Tuesday, June 02, 2015

Unpublished Decisions

U.S. v. Jackett, 2015 WL 2263700 (5/15/15) (Wyo.) (unpb'd) - A good categorical-approach, controlled-substance offense case. The 10th holds that § 4B1.2(b)'s definition of "controlled substance offense" includes possession of a non-controlled substance only if the intent of the possession is to manufacture a controlled substance. So, Mr. Jackett's conviction for 21 U.S.C. § 843(a)(6) did not necessarily constitute a controlled substance offense because the offense could be committed just by knowing or having reasonable cause to believe the substance would be used to manufacture a controlled substance. The district court erred by not applying the modified categorical approach to determine whether the jury in Mr. Jackett's prior case necessarily found he had the requisite intent.

U.S. v. Gutierrez-Carranza, 2015 WL 2239212 (5/14/15) (Okl) (unpub'd) - Imposing a supervised release term on an alien reentry defendant was substantively reasonable, despite the guidelines' preference for no such thing, § 5D1.1(c). The guideline, § 5D1.1, n. 5, says supervised release might be appropriate if it adds a measure of deterrence and protection based on the circumstances of a particular case. Here deterrence and public protection are served where .Mr. Gutierrez-Carranza's wife and children live in the U.S., he defied a prior deportation order and he had a violent criminal history.

U.S. v. George Allen, 2015 WL 2263690 (5/15/15) (N.M.) (unpub'd) - The 10th holds a supervised release condition precluding possession of sexually explicit material involving adults is reasonably related to Mr. Allen's child pornography affinity and no greater deprivation of liberty than reasonably necessary for § 3553(a) purposes. The 10th stresses how attracted to child porn Mr. Allen is.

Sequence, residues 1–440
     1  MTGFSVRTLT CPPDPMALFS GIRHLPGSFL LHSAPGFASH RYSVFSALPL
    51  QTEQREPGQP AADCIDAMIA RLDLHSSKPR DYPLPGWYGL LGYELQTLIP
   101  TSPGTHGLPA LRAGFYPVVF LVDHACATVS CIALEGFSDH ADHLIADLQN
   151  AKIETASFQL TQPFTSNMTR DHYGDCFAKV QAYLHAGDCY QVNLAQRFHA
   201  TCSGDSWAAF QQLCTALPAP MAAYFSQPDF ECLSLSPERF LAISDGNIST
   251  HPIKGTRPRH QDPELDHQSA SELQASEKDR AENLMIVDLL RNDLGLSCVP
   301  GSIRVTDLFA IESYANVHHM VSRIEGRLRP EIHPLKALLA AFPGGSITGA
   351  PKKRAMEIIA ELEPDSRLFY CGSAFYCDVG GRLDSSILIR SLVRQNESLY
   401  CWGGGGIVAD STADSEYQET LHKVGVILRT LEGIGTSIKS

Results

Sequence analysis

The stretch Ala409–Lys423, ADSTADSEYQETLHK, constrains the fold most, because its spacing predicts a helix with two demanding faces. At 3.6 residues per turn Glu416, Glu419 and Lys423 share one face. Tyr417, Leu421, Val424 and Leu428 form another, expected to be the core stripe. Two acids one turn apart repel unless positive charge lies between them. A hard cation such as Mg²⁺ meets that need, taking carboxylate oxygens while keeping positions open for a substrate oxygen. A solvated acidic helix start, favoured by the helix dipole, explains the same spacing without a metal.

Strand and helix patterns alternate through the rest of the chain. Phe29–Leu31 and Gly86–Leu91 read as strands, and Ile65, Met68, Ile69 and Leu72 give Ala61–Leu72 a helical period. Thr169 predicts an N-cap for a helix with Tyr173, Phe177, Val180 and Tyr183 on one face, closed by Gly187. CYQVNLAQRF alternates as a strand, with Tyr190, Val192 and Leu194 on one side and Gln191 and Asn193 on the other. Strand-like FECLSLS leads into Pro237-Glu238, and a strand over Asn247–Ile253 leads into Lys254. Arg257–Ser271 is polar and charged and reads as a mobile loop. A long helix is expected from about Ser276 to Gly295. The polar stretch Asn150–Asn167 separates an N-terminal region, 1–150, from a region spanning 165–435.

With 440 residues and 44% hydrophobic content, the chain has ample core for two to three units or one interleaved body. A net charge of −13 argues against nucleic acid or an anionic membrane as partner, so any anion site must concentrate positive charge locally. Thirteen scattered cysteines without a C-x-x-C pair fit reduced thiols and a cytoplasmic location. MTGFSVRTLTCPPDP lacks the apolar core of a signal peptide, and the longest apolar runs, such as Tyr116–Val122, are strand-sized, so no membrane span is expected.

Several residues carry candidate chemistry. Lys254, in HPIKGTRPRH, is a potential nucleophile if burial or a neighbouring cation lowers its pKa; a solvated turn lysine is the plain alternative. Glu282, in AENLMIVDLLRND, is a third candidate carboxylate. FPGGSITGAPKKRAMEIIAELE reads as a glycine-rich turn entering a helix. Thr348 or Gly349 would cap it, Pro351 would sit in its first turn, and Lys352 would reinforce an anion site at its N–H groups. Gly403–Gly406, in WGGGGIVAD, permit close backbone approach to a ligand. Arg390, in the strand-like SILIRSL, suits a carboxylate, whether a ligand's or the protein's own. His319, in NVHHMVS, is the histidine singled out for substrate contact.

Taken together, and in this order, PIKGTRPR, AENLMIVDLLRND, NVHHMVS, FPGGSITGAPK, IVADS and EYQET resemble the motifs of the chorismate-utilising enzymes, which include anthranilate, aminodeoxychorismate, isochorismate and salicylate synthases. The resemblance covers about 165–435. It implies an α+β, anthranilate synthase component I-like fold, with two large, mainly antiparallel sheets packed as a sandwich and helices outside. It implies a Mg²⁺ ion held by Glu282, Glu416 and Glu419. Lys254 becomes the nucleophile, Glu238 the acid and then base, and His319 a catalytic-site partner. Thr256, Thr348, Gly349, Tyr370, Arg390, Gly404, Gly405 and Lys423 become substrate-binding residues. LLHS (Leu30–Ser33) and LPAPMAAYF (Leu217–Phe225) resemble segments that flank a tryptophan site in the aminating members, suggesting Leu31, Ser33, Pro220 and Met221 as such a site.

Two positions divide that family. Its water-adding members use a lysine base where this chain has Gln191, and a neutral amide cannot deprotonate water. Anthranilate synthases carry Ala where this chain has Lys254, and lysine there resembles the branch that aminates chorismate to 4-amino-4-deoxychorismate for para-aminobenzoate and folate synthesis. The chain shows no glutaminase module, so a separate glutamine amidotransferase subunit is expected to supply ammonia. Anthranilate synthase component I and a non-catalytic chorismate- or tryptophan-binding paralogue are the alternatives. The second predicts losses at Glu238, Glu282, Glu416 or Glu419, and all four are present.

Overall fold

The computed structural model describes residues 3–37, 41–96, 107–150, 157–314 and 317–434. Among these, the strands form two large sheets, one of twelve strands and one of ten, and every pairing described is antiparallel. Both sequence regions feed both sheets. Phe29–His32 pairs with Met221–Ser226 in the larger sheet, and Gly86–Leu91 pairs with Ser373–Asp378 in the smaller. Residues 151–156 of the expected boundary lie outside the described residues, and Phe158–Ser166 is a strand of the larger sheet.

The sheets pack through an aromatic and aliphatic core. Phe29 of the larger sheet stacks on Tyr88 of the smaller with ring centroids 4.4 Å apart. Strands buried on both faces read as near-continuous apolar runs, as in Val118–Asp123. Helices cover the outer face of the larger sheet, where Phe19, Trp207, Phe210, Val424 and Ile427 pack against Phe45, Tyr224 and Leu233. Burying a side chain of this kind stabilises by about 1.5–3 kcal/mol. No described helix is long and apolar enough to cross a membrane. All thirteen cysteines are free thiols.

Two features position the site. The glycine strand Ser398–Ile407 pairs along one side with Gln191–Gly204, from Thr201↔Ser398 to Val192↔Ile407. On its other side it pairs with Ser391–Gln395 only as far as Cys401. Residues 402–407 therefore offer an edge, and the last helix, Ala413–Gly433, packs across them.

U.S. v. Brian Allen, 2015 WL 2263701 (5/15/15) (Wyo.) (unpub'd) - Mr. Allen's gang affiliation was admissible to provide relevant context, the 10th says. It explained why Mr. Allen wanted to kidnap the victim and possessed a gun to accomplish it - the victim had claimed to be part of Mr. Allen's gang, which I guess was a bad thing to do - and why Mr. Allen's buddy would help him kidnap the victim - the friend was a member of Mr. Allen's gang. The gang evidence was "an integral and natural part" of the witnesses' accounts to establish Mr. Allen, a felon, possessed a firearm. No 403 problem here because the evidence was probative and restricting the evidence and providing a limiting instruction reduced the prejudice.

Helfferich v. Marcantel, 2015 WL 2239083 (5/14/15) (N.M.) (unpub'd) - No liability where Mr. Heifferich alleged officers transported him from one state facility to another for 9 hours in a hot, poorly-ventilated transport vehicle with 11 other inmates without a restroom break while the vehicle was driven carelessly. The allegations did not rise to the level of unnecessary and wanton infliction of pain necessary to implicate the 8th Amendment.